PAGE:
After Deare exhibited his plaster piece, Sir Andrew Corbet commissioned a marble version for Adderley Hall, in Shropshire. We can’t be absolutely sure, but we think there’s a very good chance that our plaster might have been taken from a mould of this marble version.

Deare was said to be a hard worker, often working late into the night and rarely sleeping before 3am. To improve the accuracy of his figures, he studied anatomy, attended dissections and examined life casts at the Royal Academy.

Finally there are a number of stories surrounding his death. Some say he died of a broken heart after falling in love with the wife of a commander of French troops, which got him thrown into prison. The story I most like to imagine to be true was recorded by J T Smith, who said Deare had slept on a block of marble in the hope that he would find inspiration for his next work, but unfortunately only managed to catch a chill, which killed him in just a few days!

Edward & Eleanor2015_004

I also really like the story behind the subject Deare chose for this work. As was common practice in the middle ages, Edward and Eleanor had an arranged marriage. However, unlike most, theirs seems to have been a happy marriage. Most accounts show that Edward and Eleanor were devoted to each other, stating that Edward I had no known mistresses, unlike many medieval kings, and was one of the few not to have known to have had children outside of wedlock. In fact, their household records imply a comfortable, even humorous relationship.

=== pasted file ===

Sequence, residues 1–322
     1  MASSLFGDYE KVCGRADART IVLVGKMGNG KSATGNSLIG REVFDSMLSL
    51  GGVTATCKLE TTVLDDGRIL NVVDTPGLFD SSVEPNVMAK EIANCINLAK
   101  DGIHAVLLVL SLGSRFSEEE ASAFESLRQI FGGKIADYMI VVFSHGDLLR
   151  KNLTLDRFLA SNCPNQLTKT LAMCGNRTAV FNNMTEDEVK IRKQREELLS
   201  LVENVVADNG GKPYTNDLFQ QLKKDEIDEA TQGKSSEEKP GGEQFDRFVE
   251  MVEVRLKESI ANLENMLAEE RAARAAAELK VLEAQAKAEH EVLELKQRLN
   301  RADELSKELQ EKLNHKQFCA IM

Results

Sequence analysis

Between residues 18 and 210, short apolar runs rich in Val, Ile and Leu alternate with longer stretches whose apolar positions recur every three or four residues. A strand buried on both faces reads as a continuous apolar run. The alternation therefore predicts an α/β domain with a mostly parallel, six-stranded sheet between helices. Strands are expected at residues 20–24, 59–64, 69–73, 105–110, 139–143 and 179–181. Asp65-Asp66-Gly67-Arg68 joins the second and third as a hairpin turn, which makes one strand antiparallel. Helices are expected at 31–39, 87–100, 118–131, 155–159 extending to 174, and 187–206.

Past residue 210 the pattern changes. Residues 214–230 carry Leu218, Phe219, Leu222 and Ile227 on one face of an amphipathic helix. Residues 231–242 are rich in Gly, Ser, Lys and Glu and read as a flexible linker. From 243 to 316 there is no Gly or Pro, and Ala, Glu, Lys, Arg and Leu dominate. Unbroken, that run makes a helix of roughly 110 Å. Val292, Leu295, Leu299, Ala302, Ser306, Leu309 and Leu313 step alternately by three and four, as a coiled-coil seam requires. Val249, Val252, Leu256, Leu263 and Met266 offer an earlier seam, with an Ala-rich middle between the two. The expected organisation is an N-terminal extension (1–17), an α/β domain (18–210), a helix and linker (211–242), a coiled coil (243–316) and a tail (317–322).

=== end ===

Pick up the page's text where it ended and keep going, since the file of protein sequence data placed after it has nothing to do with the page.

Eleanor and the children often travelled with Edward, even on crusades. Apparently an assassination attempt was made on his life, in June 1272. He was wounded in the arm by a dagger that was thought to be poisoned. Like all good stories, this one was later embellished, claiming Eleanor sucked poison from the wound, thereby saving Edward’s life. It is this bedside scene that is portrayed in Deare’s work.

And finally, the relief has had such a long association with Wimpole. It was bought and installed here, removed, lost, and eventually returned.